In David L. Hull & Michael Ruse (eds.), The Cambridge Companion to the Philosophy of Biology. Cambridge University Press (2006)
AbstractPopulation genetics attempts to measure the influence of the causes of evolution, viz., mutation, migration, natural selection, and random genetic drift, by understanding the way those causes change the genetics of populations. But how does it accomplish this goal? After a short introduction, we begin in section (2) with a brief historical outline of the origins of population genetics. In section (3), we sketch the model theoretic structure of population genetics, providing the flavor of the ways in which population genetics theory might be understood as incorporating causes. In sections (4) and (5) we discuss two specific problems concerning the relationship between population genetics and evolutionary causes, viz., the problem of conceptually distinguishing natural selection from random genetic drift, and the problem of interpreting fitness. In section (6), we briefly discuss the methodology and key epistemological problems faced by population geneticists in uncovering the causes of evolution. Section (7) of the essay contains concluding remarks.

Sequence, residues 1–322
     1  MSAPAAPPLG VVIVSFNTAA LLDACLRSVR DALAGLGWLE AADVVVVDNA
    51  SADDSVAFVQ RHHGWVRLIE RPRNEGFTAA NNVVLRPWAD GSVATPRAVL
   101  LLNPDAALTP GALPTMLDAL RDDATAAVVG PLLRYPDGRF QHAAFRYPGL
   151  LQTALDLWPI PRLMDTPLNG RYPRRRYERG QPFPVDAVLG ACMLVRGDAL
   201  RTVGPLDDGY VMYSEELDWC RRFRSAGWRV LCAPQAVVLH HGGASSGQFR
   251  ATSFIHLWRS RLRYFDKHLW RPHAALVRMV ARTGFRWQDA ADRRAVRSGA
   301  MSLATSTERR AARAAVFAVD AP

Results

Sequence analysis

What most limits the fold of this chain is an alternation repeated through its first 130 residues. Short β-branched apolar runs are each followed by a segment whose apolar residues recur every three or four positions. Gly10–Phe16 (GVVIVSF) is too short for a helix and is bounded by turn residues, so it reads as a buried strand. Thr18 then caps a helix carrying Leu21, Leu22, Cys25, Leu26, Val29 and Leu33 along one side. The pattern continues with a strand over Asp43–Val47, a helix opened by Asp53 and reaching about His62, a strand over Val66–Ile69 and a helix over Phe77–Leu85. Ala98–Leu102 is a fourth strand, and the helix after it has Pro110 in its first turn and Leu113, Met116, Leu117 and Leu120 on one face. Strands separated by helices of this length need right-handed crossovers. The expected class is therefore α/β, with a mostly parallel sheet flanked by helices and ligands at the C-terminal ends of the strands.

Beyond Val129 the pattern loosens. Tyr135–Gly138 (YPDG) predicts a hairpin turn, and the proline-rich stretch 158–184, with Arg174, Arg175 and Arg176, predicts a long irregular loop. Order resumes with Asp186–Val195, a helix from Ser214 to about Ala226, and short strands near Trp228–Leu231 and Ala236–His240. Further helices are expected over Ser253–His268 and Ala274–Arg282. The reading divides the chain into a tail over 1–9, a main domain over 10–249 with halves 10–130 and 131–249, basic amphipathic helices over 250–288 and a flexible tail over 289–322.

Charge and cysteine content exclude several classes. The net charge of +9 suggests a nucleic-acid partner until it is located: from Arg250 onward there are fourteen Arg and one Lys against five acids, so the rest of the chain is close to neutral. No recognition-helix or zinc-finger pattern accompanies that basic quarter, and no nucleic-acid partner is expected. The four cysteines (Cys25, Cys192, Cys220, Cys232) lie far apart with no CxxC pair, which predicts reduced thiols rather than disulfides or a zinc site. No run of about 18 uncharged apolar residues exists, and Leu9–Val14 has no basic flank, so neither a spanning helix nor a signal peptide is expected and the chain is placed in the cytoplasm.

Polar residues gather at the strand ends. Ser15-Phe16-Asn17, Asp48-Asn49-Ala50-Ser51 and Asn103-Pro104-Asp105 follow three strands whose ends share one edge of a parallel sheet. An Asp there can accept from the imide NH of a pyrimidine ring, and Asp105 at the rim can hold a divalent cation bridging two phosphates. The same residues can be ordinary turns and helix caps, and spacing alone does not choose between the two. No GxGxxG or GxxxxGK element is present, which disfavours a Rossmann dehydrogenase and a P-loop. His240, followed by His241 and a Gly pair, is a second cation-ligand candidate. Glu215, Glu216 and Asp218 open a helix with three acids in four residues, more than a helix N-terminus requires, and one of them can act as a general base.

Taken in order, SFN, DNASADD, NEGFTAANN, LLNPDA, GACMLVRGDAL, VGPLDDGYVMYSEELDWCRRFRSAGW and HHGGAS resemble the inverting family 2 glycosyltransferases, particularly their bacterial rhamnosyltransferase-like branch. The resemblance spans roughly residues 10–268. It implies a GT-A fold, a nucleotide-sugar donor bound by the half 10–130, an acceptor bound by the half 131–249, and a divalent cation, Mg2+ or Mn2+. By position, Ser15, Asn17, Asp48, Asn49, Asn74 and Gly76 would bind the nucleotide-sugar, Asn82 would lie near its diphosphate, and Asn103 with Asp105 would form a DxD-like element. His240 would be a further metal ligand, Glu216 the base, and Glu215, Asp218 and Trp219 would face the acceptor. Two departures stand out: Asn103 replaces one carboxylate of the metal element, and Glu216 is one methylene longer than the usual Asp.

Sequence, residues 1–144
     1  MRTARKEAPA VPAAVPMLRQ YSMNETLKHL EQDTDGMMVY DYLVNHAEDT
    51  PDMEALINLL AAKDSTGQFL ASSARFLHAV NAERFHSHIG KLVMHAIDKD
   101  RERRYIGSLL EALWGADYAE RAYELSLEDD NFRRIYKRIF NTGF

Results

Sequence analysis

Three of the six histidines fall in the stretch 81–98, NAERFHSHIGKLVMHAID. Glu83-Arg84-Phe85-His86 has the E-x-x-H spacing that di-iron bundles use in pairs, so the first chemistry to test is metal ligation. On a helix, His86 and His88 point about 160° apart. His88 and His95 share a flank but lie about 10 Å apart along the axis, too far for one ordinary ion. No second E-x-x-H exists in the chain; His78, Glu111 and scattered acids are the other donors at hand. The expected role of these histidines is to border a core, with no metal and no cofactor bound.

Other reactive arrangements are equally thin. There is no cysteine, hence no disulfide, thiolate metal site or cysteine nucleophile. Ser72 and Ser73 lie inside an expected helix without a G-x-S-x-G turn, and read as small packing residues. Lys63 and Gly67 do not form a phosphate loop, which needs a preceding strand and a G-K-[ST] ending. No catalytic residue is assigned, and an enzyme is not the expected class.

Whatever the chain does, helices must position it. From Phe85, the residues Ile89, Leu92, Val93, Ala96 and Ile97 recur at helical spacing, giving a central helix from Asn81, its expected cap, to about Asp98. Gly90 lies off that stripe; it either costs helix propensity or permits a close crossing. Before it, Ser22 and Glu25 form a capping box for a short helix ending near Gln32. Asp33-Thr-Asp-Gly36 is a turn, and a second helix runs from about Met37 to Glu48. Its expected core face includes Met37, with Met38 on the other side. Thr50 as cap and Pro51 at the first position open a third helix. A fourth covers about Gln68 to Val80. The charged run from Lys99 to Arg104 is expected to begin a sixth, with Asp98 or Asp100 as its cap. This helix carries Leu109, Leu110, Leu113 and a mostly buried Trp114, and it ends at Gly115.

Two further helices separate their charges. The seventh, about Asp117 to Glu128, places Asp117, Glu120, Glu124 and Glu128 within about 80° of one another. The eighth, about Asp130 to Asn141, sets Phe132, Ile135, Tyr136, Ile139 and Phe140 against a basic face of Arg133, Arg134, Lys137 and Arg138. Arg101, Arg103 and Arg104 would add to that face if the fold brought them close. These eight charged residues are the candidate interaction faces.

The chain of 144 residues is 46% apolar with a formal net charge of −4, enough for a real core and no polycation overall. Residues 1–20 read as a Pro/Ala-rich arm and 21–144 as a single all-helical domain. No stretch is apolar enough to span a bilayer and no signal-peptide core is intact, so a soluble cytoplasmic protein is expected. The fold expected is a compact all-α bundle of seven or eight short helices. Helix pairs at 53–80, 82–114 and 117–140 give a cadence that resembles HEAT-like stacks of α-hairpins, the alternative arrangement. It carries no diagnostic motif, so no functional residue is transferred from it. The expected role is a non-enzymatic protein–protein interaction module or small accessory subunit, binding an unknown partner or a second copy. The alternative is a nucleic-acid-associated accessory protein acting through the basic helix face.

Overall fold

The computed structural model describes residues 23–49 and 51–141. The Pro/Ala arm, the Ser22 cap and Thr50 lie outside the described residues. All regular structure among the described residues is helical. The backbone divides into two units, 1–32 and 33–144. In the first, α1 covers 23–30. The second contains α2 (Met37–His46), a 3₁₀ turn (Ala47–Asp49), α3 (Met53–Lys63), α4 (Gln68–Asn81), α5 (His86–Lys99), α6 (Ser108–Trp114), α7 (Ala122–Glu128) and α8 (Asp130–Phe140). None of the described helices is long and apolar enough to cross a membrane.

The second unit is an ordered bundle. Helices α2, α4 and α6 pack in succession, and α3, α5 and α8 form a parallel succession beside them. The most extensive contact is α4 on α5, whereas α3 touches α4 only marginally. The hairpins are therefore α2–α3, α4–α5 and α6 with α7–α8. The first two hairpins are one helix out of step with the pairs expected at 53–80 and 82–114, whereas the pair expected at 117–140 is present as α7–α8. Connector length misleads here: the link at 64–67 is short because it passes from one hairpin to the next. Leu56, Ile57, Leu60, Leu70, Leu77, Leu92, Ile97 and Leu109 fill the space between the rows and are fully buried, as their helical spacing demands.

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References found in this work
Scientific Explanation and the Causal Structure of the World.Wesley C. Salmon - 1984 - Princeton University Press.
The Nature of Selection: Evolutionary Theory in Philosophical Focus.Elliott Sober - 1984 - University of Chicago Press.
Scientific Explanation and the Causal Structure of the World.Ronald N. Giere - 1988 - Philosophical Review 97 (3):444.
Adaptation and Evolutionary Theory.Robert N. Brandon - 1978 - Studies in History and Philosophy of Science Part A 9 (3):181.
The Propensity Interpretation of Fitness.Susan K. Mills & John H. Beatty - 1979 - Philosophy of Science 46 (2):263-286.
Citations of this work
(Mis)Interpreting Mathematical Models: Drift as a Physical Process.Michael R. Dietrich, Robert A. Skipper Jr & Roberta L. Millstein - 2009 - Philosophy, Theory, and Practice in Biology 1 (20130604):e002.
Probability in Biology: The Case of Fitness.Roberta L. Millstein - 2016 - In A. Hájek & C. R. Hitchcock (eds.), The Oxford Handbook of Probability and Philosophy. Oxford University Press. pp. 601-622.
The so-Called Extended Synthesis and Population Genetics.Lindsay R. Craig - 2010 - Biological Theory 5 (2):117-123.
On Mechanistic Reasoning in Unexpected Places: The Case of Population Genetics.Lucas J. Matthews - 2017 - Biology and Philosophy 32 (6):999-1018.
Exploring the Status of Population Genetics: The Role of Ecology.Roberta L. Millstein - 2013 - Biological Theory 7 (4):346-357.
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